|Andarab||29,334||Sub-divided in 2005. Tajik dominated|
|Baghlani Jadid||Baghlan||202,375||Pashtun 70%, Tajik 20%, Uzbek 10%|
|Burka||60,561||Uzbek 60%, Tajik 20%, Hazara 10%, Pashtun 10%|
|Dahana-I-Ghuri||67,796||80% Pashtun, 10% Hazara, Uzbek 10%|
|Dih Salah||31,100||Created in 2005 within Andarab District. Tajik dominated|
|Dushi||36,769||60% Hazara, 39% Tajik|
|Farang Wa Gharu||19,060||Tajik dominated, created in 2005 within Khost Wa Fereng District|
|Guzargahi Nur||11,625||Tajik dominated, created in 2005 within Khost Wa Fereng District|
|Khinjan||35,011||85% Tajik, 5% Hazara, 5% Pashtun, 5% other|
|Khost Wa Fereng||72,592||Tajik dominated, sub-divided in 2005|
|Khwaja Hijran||27,442||Tajik dominated, created in 2005 within Andarab District|
|Nahrin||79,847||Tajik 60%, Pashtun 35%, Uzbek 5%|
|Puli Hisar||31,767||Tajik dominated, created in 2005 within Andarab District|
|Puli Khumri||Puli Khumri||247,923||Tajik 30%, Hazara 20%, Pashtun 30%, Uzbek 10%|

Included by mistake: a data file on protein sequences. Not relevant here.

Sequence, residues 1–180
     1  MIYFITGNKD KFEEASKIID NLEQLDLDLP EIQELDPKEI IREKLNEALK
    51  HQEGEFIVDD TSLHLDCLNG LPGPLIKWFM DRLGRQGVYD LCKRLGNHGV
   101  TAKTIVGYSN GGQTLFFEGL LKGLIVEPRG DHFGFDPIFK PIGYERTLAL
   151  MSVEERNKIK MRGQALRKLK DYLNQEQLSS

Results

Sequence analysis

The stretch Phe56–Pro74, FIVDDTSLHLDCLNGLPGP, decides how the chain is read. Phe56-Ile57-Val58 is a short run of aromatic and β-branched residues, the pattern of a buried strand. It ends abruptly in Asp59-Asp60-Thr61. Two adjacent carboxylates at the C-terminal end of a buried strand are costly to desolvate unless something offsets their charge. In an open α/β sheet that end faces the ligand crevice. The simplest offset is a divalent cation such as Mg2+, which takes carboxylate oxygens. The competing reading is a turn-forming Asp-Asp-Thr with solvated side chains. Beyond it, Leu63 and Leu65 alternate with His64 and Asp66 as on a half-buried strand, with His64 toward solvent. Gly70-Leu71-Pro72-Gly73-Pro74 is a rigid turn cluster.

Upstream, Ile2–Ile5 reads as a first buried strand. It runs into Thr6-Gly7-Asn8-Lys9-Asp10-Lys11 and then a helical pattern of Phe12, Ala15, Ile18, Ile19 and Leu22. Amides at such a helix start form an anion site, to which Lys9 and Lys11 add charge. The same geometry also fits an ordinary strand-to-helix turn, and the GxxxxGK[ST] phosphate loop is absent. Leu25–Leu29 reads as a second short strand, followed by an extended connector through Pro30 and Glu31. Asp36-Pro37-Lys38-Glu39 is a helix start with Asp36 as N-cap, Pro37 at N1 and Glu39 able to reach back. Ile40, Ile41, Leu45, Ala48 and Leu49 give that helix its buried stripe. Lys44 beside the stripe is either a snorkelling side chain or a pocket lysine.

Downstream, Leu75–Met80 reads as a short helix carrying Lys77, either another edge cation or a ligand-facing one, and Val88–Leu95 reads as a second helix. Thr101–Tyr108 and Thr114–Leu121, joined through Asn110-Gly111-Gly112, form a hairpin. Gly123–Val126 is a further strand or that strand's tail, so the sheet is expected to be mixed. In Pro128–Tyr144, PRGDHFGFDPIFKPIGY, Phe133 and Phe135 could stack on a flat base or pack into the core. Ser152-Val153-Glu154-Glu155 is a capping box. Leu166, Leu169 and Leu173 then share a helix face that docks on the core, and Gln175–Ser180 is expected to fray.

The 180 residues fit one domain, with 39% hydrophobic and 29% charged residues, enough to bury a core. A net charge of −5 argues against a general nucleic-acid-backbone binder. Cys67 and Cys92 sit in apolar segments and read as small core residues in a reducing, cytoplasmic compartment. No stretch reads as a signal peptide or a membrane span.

|Tala wa Barfak||34,741||Hazara 70%, Tajik 30%|
Mazār-i-Sharīf, also called Mazār-e Sharīf, or just Mazar, is the fourth-largest city of Afghanistan, with a population estimate of 500,207 people. It is the capital of Balkh province and is linked by highways with Kunduz in the east, Kabul in the southeast, Herat in the southwest and Termez, Uzbekistan in the north. It is about 55 km (34 mi) from the Uzbek border. The city is also a tourist attraction because of its famous shrines as well as the Islamic and Hellenistic archeological sites. The ancient city of Balkh is also nearby.